Cryptosporidium species and subtypes in diarrheal children and HIV-infected persons in Ebonyi and Nsukka, Nigeria

  • Boniface Nwofoke Ukwah Faculty of Health Sciences, Ebonyi State University, Abakaliki, Nigeria
  • Ifeoma Maureen Ezeonu Faculty of Biological Sciences, University of Nigeria, Nsukka, Nigeria
  • Chinonyelum Thecla Ezeonu Faculty of Clinical Medicine, Ebonyi State University, Abakaliki, Nigeria
  • Dawn Roellig National Center for Emerging and Zoonotic Infectious Diseases, Centers for Disease Control and Prevention, Atlanta, United States
  • Lihua Xiao National Center for Emerging and Zoonotic Infectious Diseases, Centers for Disease Control and Prevention, Atlanta, United States
Keywords: Cryptosporidium, genetic diversity, HAART, HIV-infected persons, diarrheal children

Abstract

Introduction: Cryptosporidiosis is a common disease of children and immune-compromised persons. This study evaluated the diversity and distribution of Cryptosporidium species in diarrheal children and HIV-infected persons on highly active antiretroviral therapy (HAART) and those not on HAART.

Methodology: A total of 394 fecal specimens were collected from patients attending clinics in Nsukka and Ebonyi, Nigeria. Detection and identification of Cryptosporidium species were conducted by PCR-RFLP of the small subunit (SSU) rRNA gene, whereas subtyping was done by sequence analysis of the 60 kDa glycoprotein (gp60) gene.

Results: Twenty-five (6.3%) specimens yielded four Cryptosporidium species, including C. hominis, C. parvum, C. felis, and C. viatorum. C. hominis was the most dominant species with 48.0% occurrence and three identified subtype families: Ia (six specimens), Ib (three specimens), Ie (two specimens), and one un-subtyped species. C. parvum had 44.0% occurrence and two subtype families: IIc (eight specimens) and IIe (three specimens), while C. felis and C. viatorum each had 4.0% occurrence. There were significant differences in Cryptosporidium species distribution between age groups in children and HIV-infected persons, between suburban and urban areas, and between low and high CD4+ cell counts in HIV-infected patients. There were no significant differences in infection rate and species distribution between HIV-infected patients on HAART and those not on HAART.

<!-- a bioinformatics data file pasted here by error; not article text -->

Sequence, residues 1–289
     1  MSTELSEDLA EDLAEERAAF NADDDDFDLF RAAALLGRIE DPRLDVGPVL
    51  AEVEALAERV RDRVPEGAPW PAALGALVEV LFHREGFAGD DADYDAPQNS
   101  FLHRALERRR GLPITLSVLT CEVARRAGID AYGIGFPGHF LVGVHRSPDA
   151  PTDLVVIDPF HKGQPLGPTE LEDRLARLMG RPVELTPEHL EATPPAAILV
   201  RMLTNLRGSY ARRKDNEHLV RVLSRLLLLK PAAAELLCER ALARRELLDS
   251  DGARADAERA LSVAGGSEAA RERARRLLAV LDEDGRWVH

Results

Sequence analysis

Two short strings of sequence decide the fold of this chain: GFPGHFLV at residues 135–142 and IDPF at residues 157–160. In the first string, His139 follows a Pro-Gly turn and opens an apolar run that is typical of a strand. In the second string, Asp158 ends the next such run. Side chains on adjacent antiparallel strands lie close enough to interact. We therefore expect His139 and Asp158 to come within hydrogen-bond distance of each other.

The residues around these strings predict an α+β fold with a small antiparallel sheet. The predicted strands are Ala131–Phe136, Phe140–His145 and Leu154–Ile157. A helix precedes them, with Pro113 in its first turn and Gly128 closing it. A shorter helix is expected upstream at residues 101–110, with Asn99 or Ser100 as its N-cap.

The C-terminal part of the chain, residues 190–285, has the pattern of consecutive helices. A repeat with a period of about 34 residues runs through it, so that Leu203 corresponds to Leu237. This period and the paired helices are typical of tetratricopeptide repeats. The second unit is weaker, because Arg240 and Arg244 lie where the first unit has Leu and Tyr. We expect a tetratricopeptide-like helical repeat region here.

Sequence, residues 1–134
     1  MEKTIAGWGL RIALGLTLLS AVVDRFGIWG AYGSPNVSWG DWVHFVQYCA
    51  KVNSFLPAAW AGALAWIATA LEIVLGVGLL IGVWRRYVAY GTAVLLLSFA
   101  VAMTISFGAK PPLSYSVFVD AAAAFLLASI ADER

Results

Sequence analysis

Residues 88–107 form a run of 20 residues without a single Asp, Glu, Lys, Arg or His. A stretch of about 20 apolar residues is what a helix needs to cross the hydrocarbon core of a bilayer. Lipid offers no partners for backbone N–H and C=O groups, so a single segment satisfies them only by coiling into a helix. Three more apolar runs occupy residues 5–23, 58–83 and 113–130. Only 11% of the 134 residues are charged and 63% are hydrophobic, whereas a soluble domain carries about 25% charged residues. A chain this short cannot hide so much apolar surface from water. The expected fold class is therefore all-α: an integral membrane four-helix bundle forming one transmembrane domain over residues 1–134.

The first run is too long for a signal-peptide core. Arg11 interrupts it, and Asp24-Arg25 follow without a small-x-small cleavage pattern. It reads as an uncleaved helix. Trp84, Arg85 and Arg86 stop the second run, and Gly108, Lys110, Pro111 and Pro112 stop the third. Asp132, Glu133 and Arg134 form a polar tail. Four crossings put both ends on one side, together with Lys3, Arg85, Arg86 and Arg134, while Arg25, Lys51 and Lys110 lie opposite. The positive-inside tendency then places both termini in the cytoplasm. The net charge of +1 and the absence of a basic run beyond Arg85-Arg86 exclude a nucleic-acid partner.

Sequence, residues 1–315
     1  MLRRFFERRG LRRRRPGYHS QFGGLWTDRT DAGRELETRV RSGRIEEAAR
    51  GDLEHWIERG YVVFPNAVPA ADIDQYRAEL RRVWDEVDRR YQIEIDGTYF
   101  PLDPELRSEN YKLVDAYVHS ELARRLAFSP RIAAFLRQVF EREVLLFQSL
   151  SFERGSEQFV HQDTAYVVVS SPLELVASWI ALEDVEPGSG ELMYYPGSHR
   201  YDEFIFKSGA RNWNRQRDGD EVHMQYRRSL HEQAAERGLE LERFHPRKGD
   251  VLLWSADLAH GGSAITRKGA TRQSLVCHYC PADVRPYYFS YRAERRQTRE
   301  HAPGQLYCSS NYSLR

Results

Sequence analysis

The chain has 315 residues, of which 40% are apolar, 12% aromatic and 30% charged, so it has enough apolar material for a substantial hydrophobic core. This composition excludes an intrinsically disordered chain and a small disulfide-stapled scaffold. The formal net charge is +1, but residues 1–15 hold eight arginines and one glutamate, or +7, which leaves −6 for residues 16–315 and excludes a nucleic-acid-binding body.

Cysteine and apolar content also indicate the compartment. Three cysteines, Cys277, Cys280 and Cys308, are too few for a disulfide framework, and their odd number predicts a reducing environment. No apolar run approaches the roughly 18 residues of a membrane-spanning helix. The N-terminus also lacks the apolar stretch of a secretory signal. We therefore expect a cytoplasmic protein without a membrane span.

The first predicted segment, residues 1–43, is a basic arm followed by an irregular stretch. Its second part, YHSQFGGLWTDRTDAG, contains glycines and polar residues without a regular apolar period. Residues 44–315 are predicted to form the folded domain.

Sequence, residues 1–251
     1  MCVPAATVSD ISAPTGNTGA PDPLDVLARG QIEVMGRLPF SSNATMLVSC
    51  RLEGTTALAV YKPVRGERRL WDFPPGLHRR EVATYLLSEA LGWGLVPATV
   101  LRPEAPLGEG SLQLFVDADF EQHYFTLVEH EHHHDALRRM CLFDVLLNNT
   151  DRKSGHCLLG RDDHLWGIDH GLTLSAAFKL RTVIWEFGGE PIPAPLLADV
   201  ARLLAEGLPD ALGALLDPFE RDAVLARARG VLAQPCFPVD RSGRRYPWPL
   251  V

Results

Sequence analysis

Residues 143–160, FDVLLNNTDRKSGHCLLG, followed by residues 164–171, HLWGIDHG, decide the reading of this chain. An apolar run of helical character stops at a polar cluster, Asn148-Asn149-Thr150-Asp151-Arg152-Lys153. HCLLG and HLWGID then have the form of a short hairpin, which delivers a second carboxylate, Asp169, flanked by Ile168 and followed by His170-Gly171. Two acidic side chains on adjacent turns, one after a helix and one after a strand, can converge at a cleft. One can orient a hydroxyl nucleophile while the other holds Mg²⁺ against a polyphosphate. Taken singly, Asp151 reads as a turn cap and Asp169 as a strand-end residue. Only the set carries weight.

Conclusions: The results from this study show that there is a high diversity of Cryptosporidium spp. in humans in Ebonyi and Nsukka, Nigeria, and that all the C. parvum subtypes identified are most likely anthroponotic in origin.

Author Biographies

Boniface Nwofoke Ukwah, Faculty of Health Sciences, Ebonyi State University, Abakaliki, Nigeria
Department of Medical Laboratory Science, Faculty of Health Sciences,
Microbiologist and Molecular Epidemiologist
Ifeoma Maureen Ezeonu, Faculty of Biological Sciences, University of Nigeria, Nsukka, Nigeria
Department of Microbiology, Faculty of Biological Sciences, Professor of Medical Microbiology and Microbial Genetics
Chinonyelum Thecla Ezeonu, Faculty of Clinical Medicine, Ebonyi State University, Abakaliki, Nigeria
Department of Pediatrics, Faculty of Clinical Medicine, Consultant Community Health Paediatrician,
Dawn Roellig, National Center for Emerging and Zoonotic Infectious Diseases, Centers for Disease Control and Prevention, Atlanta, United States
Molecular Epidemiologist, Division of Food-borne, Waterborne, and Environmental Diseases.
Lihua Xiao, National Center for Emerging and Zoonotic Infectious Diseases, Centers for Disease Control and Prevention, Atlanta, United States
Chief Molecular Epidemiologist, Division of Food-borne, Waterborne, and Environmental Diseases.
Published
2017-02-28
How to Cite
1.
Ukwah BN, Ezeonu IM, Ezeonu CT, Roellig D, Xiao L (2017) Cryptosporidium species and subtypes in diarrheal children and HIV-infected persons in Ebonyi and Nsukka, Nigeria. J Infect Dev Ctries 11:173-179. doi: 10.3855/jidc.8034
Section
Original Articles